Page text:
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Thoughts for Potential Elder Caregivers

It is estimated that 50% of U.S. households are multi-generational, with people caring for either grandchildren or grandparents. If these are not issues in your family at present, it may be useful to keep a copy of these questions for future reference.

Table of Contents

Change is Constant

When health or life circumstances change, living arrangements may need to change too.  Homeowners and their families will want to maintain a suitable degree of independence that also provides a safe environment.  An objective assessment of capabilities and current needs is how to begin an appropriate level of care. This article is a review of many of the signs that can be looked for in considering when it is time to make a transition.

The ability to perform many of the main activities of daily living is a useful basis to decide when some changes are required, and can also provide guidance in the level of care needed.

Those basic activities include:

  • eating
  • bathing
  • toileting
  • dressing
  • maintaining continence
  • mobility

Secondarily, other activities required for independent living include: using the phone, managing medications, doing laundry, and grocery shopping.

Being Proactive

Since it may be crucial to be proactive, the following could be warning signs.  Of course, some of these might simply be a temporary side-effect of medications or a short-term reaction to some emotional situation or lack of sleep.  However, because they might be an indication of a growing problem, it would be well for the family member or caregiver to be mindful and mention it to the senior’s primary doctor.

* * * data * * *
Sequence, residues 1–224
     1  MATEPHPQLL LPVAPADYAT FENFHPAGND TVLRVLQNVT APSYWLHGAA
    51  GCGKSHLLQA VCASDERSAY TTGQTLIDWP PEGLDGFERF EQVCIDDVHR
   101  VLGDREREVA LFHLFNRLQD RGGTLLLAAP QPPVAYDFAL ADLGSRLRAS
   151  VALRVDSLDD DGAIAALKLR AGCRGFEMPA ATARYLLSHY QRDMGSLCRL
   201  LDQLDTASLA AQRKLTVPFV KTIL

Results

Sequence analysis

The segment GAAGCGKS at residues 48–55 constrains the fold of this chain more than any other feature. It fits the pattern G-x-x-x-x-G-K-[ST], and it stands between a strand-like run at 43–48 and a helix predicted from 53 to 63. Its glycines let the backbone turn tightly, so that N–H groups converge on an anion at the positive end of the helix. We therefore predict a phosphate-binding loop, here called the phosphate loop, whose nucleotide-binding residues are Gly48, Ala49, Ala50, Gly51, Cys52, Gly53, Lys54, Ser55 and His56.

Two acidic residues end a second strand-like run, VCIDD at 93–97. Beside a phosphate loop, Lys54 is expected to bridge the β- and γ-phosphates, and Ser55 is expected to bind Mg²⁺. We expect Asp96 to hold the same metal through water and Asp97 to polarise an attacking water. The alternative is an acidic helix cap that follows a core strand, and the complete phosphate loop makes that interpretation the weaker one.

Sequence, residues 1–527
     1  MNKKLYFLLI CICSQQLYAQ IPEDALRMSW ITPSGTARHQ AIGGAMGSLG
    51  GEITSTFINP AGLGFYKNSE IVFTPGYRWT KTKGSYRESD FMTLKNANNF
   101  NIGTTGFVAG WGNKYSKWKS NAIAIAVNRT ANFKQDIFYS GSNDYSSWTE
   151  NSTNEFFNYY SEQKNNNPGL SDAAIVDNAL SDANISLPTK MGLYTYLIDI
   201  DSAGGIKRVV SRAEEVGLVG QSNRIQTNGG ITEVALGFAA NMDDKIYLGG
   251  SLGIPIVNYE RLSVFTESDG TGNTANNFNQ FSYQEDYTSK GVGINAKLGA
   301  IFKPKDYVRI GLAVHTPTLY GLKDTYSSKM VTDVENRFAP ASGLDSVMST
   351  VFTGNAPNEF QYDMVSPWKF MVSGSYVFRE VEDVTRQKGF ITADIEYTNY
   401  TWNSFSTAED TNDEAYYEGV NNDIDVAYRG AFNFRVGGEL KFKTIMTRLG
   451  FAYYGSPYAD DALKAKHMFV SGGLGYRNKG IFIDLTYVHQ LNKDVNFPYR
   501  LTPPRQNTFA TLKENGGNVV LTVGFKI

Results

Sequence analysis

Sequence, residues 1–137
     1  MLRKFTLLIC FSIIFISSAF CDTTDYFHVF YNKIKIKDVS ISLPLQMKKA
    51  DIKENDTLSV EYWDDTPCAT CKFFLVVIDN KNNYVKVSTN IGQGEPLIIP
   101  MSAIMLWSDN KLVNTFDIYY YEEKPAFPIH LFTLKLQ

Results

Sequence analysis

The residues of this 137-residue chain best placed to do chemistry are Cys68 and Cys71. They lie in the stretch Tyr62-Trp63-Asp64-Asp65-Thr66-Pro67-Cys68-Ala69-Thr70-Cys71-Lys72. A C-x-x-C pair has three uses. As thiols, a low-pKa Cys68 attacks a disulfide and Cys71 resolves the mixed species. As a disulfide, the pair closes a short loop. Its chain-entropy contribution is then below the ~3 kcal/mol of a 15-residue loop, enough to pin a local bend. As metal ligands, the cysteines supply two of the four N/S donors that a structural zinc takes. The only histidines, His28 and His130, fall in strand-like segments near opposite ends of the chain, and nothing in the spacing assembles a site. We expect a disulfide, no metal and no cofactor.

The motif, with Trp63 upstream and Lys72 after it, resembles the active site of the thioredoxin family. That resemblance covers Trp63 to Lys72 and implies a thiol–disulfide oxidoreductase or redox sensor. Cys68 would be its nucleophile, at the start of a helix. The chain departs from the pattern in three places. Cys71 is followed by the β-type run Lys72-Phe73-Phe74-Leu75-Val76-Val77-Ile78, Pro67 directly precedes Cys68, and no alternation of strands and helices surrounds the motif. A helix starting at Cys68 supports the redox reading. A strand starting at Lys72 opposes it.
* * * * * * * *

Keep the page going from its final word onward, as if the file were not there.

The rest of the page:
1. Difficulty in walking, bumping into furniture or walls
  2. Signs of depression or hopelessness
  3. Loss of self-confidence
  4. Increased irritability or mood swings
  5. Incontinence
  6. Lack of appetite or taste
  7. Not caring for plants or pets
  8. Unkempt appearance, mismatched shoes or socks
  9. Trash or laundry left everywhere
  10. Leaving mail unopened or not answering the phone
  11. Lack of focus or comprehension of verbal communication
  12. Repeating what was just said or asking you to repeat yourself
  13. The inappropriate volume of T.V. or radio
  14. Sitting alone in an unlit room
  15. Significant weight loss or gain
  16. Talking about death or suicide

The single most important challenge for prospective caregivers is in clear and open communications – with one’s self, other family members, healthcare providers, and of course mainly the individual being cared for! To really understand the senior’s situation requires patient questioning and careful listening.

Focus on Basic Wellness

Examples of some questions that may help focus on their basic wellness and thinking include:

  1. Are you getting any exercise?
  2. Are you getting out of the house much?
  3. Are you staying in touch with friends or other family members?
  4. Have you experienced any short-term memory loss?
  5. Have you gotten confused or upset recently? About what?
  6. Is your eyesight or hearing diminished?
  7. Are you still getting to the barber (or beauty) shop?
  8. Have you less interest in keeping the yard or the inside of the house in repair?
  9. Are you sleeping any differently than you used to?
  10. Are you keeping up with paying your bills?
  11. Are you keeping up with your passions or hobbies?

There are many levels of transitional actions that can maintain the highest quality of daily living for the seniors, but it always would best include open and clear communications with all concerned.  Most people have little or no difficulties with activities of daily living even beyond age 85 today.

However, as we have explored in previous articles, it can be most helpful to think through what plans can be put into action well ahead of a time of need.  Even the concept of downsizing can be approached well in advance if the homeowners are helped to discuss the benefits of streamlining and decluttering their lives.

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